Your Doctor Loves You – She’s Just Busy!

In the NHS, resources are always limited. Health services spend, rather than generate money, and so are always on a budget. Over the years, I have felt slighted and dismissed by some doctors and GPs (although many have been utterly lovely), not because they are particularly biased against me, but because they are required to average under 10 minutes per appointment. I suspect my medical notes suggest I am a whinging psychiatric hypochondriac, like so many other patients who have been consulting Doctor Google. If they can get me back out the door again quickly, they will make up time for patients who genuinely need their help. Presumably they have spent their careers facing a procession of clueless morons with phantom ailments and they have grown used to knowing best. Unfortunately, as a “White”, “Middle-Class” man, I can’t attribute their attitude to prejudice and oppression (Dammit!) In fact, they are entirely correct about me. 

Elites will concentrate on, and fund research into, issues that affect them most closely and directly: wars and famines at home before those abroad, for example; diseases that affect people like them: the Irish famine was not genocide, it was the result of a London-based government deciding to spend its money on other things than famine relief, because the victims were not dying on London streets.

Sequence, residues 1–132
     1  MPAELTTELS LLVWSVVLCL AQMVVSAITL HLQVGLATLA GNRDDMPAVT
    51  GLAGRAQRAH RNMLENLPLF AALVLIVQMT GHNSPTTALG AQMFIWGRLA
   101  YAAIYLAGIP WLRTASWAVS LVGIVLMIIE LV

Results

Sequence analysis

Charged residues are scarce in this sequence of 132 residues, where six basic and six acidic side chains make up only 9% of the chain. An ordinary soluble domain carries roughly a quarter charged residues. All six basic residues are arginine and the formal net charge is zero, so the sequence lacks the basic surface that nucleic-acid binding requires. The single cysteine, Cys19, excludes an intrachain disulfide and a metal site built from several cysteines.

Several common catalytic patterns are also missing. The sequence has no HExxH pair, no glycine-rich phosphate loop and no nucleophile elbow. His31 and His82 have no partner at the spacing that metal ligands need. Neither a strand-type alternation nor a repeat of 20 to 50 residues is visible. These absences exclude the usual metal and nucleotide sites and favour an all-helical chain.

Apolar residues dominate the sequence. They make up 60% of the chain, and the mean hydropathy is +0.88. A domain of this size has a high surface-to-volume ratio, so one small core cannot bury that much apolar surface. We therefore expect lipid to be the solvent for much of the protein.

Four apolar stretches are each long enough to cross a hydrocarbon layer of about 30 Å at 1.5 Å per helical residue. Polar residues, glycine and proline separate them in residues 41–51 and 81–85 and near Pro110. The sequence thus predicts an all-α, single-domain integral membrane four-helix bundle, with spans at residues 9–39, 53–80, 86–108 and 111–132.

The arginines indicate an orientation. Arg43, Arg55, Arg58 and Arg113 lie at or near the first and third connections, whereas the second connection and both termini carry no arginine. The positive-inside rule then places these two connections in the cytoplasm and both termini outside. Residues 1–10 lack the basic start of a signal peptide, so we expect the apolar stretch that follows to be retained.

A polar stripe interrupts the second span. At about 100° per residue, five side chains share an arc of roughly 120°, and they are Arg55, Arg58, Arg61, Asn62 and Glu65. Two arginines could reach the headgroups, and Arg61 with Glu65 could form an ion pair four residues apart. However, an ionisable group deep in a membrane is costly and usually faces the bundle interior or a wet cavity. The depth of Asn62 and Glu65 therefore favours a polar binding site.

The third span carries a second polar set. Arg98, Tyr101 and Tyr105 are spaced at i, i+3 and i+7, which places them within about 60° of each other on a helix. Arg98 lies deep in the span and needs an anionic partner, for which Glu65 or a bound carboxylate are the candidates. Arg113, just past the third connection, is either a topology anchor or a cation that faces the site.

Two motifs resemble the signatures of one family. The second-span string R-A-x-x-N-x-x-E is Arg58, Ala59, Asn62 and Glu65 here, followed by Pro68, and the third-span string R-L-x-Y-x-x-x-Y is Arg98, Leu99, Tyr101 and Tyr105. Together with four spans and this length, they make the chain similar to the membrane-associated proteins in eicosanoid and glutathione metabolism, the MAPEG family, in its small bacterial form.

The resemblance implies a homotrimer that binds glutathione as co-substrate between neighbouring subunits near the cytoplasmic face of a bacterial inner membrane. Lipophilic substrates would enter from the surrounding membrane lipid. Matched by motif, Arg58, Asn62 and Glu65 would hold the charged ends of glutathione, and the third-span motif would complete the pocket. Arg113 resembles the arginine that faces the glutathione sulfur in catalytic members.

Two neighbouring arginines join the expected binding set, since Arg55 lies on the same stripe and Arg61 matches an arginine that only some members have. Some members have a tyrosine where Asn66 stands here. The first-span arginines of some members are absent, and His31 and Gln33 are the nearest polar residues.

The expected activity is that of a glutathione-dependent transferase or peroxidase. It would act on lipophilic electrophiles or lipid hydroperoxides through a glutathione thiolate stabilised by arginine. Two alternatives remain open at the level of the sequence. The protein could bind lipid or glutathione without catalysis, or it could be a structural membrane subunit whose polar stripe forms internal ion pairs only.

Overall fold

In the case of treatment of the menopause, gender is a key issue, but there probably others – general ageism; mortality rates and so on. I suspect medical researchers who have prioritised other areas than the menopause have not done so (in recent times) because they hold to doctrines of women’s inferiority. Instead, they have inherited a legacy of medical training and thought that has focussed them on other areas, and set them off on other lines of enquiry.  

There are always queues for medical treatments and funding, and there will always be people at the back of them. I had Grave’s disease, also a hormone problem, for years, and my experience of endocrinology, the branch of medicine that deals with hormone therapies, is that it is a sleepy backwater of medicine with little funding and where little research is done. I suspect this is because patients do not die. They can carry on, even if their treatments aren’t quite right. Also, these patients present with symptoms of mind and mood, and medicine is a hard-nosed, empirical science, deeply suspicious of such self-pitying nonsense. 

Assumptions of privilege can also work against the individual members of elite groups. I wasn’t diagnosed as anorexic for ages, because it was an affliction associated with disempowered teenage girls, not men. The OxyContin/Opioid crisis has had less of an impact on Afro-Caribbean than white Americans, apparently, because doctors were less likely to treat pain aggressively in black people, and felt they were more likely to abuse pain-killers! (1) This is poetic justice for America as a whole, but is still pretty rough on the individual white addict who was assured their pain-killers weren’t addictive. 

  1. BBC Radio 4, The Opioid Crisis and The Erosion of Trust, 10/05/21

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